Question Spaces was a week long residency in an empty shop on Bangor highstreet, set up by the Glitch collective at Mostyn, and run with artist Ronan Devlin. Unfortunately I don’t fit into the age criteria for the collective but the nice people at Glitch let me be involved anyway….
The project was about getting people talking really. Artists from around the world had been asked to pose a question, any question, and everyone taking part in the residency was going to try and answer a question/questions. Towards the end of the week the shop was open to the public who were able to contribute to the potenial answers by adding to the question wall or posing their own questions, and we had a final opening night on Saturday which was open to all.
Here is the break down of the project from Mostyn.
I felt I needed to do something slightly separate from the main aim of the project, more a record of what took place, I wanted to document it somehow but with the idea of questioning and discussion in mind. This led me to make recordings of everyone in the group talking about their chosen question/questions, their interpretation of the question, how they would answer the question. These were edited to make four sound pieces which were set up at various points around the building, with speakers hidden away in the ceiling space. At each speaker point I had a pair of cups hanging from the ceiling. The idea was that they would be like the kind of string-cup telephones you make as a kid. In an ideal world they would have actually worked like phone cups. In reality they served more as a marker for where each sound piece was, although people were curious enough to put them to their ears and have a listen, which was the other idea prevalent throughout the week – while the emphasis was to pose questions, the flip side is that you must listen.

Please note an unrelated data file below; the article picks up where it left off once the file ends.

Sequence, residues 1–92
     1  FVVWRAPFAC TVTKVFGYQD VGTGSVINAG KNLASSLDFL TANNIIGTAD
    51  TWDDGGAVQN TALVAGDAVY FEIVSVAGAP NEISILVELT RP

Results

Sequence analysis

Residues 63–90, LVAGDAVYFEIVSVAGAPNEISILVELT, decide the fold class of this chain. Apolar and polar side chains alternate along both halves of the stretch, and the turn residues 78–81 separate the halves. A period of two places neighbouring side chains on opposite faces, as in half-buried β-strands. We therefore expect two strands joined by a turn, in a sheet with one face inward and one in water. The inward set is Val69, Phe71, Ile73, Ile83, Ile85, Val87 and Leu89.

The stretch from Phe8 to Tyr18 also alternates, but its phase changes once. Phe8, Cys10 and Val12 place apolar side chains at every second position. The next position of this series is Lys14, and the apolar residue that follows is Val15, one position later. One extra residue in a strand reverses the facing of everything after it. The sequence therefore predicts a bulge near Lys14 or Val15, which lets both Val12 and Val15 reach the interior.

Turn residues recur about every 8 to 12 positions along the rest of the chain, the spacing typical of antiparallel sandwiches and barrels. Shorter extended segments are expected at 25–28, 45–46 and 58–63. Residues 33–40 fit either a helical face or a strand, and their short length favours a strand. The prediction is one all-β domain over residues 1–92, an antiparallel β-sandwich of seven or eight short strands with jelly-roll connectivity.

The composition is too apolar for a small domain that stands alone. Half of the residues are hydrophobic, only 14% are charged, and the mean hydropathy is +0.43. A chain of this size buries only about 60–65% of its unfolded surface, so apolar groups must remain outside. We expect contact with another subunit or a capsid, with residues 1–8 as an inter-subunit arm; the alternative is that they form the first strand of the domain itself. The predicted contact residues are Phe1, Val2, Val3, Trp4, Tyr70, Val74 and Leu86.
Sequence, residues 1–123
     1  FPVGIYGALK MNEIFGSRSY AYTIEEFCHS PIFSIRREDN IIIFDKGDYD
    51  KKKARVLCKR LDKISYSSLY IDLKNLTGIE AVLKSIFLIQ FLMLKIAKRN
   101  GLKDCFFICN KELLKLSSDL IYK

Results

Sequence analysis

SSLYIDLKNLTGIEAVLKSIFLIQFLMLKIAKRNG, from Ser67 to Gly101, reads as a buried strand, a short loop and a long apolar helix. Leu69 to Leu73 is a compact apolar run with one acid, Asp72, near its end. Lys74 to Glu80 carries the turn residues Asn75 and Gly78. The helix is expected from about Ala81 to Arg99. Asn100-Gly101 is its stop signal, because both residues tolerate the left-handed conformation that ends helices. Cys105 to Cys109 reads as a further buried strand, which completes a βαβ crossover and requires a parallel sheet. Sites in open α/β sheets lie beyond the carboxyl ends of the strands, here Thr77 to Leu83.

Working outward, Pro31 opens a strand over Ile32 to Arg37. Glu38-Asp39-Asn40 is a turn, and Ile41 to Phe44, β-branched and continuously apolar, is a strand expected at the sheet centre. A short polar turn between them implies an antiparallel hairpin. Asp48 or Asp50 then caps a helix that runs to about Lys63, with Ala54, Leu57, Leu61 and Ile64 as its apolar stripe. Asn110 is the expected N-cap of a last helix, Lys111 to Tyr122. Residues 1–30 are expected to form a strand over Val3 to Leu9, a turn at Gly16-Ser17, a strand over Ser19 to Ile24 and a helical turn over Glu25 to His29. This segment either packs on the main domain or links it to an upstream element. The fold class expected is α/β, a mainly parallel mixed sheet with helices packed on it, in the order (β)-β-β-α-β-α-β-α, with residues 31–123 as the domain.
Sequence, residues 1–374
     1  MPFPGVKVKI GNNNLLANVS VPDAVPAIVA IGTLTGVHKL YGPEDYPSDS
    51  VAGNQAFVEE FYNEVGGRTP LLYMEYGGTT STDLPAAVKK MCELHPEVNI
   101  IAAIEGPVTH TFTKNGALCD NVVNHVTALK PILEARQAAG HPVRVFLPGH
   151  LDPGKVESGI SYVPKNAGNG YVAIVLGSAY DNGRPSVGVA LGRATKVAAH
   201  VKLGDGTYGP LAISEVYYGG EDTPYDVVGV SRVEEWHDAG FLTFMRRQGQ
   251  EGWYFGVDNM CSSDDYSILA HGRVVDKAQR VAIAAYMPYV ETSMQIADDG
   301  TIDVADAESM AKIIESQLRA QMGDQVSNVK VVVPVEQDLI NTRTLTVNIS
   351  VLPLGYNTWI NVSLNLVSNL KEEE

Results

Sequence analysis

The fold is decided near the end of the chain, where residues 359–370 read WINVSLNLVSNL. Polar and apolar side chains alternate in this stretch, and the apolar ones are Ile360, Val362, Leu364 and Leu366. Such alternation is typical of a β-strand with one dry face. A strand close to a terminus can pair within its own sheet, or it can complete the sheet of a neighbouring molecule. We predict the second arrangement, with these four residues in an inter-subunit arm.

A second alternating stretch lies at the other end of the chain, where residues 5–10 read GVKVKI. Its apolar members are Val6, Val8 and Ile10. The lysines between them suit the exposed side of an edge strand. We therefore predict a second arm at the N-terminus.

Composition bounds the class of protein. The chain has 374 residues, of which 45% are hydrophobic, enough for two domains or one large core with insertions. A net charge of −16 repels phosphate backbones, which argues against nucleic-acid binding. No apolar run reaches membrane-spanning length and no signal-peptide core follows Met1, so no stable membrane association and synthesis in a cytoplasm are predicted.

These are the four recordings in a kind of order, each one becomes a little more distorted culminating in the ums and errs of conversation.
I feel it was a successful week in the end, producing lots of varied responses. We didn’t have huge amount of time, and I think with more time, anther week perhaps, we would have been able to get more members of the public involved. It takes a while for word of mouth to spread, and once the work was in – at the end of the week – there would have been better opportunities to have conversations with another week (and another opening?).
It was a fun project though! I’m glad to have been able to take part somehow.
Some images of the finished work and opening night….